I’ve been playing around with vacuum the last couple of weeks. While I was waiting for more parts and a proper vacuum gauge arrive from eBay, I was impatient to get at least some measurements of how good the vacuum was in the system.
I started thinking of ways to improvise a pressure sensor.
Marshmallows provided a great visual indication that, yes, there was vacuum aplenty. But it was a bit less quantitive than I hoped.
I played around a bit with Pirani gauges, which are a way to use resistors as pressure sensors. That wasn’t too bad, and I’ll detail those in a later post when I write up the chamber itself. But it seemed to me that there should be some easier way of getting an indicator.
I could always see how high water could be drawn up into a tube. Although for a decent vacuum, that would mean about 10m high of water, which was taller than any building I had access to. You can make the necessary height shorter by using different fluids (mercury would require less than a meter tall gauge), but I couldn’t work out any combinations that would be both safe and practical.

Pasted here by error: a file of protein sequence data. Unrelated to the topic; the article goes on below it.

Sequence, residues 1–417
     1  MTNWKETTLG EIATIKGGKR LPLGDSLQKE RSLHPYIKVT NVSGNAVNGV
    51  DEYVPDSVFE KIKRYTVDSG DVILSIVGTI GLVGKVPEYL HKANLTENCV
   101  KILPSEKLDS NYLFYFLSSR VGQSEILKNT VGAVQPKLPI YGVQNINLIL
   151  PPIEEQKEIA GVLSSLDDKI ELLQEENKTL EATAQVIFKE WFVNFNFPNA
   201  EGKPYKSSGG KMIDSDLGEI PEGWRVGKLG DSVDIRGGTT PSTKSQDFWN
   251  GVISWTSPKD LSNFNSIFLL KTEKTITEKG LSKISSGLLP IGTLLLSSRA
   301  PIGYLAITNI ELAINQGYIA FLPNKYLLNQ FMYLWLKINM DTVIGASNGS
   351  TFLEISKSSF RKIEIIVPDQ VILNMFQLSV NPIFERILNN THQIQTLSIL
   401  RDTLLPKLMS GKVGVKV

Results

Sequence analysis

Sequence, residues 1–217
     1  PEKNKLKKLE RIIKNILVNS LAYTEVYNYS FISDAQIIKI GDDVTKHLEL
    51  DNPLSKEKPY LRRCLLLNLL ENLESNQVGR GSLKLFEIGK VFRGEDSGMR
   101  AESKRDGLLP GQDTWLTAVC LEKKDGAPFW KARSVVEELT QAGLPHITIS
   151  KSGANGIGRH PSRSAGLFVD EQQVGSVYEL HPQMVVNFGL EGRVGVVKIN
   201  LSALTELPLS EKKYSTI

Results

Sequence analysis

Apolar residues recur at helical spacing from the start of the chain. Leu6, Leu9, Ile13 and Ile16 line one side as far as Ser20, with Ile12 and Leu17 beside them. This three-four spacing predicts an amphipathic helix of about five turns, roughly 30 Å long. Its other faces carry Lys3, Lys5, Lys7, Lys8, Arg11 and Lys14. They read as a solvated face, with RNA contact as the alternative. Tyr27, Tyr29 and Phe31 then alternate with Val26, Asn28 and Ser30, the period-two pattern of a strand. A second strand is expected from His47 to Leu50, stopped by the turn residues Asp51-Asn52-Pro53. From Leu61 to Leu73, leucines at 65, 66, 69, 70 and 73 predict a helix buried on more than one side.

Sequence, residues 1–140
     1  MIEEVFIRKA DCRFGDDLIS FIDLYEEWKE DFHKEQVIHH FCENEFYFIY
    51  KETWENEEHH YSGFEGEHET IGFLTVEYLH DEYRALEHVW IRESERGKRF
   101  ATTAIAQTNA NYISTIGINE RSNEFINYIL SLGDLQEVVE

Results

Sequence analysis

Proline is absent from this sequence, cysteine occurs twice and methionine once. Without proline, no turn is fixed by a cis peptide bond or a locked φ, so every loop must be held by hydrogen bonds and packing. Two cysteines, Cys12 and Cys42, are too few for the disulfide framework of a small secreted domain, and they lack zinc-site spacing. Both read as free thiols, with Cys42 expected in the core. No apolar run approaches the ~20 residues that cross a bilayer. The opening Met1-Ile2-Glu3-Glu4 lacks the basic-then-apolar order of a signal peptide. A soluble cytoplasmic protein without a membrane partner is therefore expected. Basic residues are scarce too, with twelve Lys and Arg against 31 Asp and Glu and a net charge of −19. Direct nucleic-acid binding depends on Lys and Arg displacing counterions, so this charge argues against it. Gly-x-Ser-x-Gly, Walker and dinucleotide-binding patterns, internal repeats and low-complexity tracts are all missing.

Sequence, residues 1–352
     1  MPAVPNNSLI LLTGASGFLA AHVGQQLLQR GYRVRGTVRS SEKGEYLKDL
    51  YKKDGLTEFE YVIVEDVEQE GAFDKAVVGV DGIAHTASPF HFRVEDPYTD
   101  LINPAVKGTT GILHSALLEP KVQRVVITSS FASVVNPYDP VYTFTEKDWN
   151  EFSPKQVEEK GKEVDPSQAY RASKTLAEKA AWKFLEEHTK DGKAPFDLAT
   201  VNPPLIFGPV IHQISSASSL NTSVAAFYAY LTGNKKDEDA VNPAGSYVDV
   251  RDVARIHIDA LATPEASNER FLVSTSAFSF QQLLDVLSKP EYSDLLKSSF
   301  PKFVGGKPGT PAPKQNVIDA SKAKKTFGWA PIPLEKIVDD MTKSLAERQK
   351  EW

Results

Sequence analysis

I eventually came up with the idea of a Bourdon tube using plastic I had laying around. This seemed to worked pretty nicely:
Without another gauge to calibrate it against, I could only test it by bleeding air into and out of the system slowly using the valves. It seems surprisingly linear, though.
You can even make a direct digital readout by driving the tube onto an electric scale!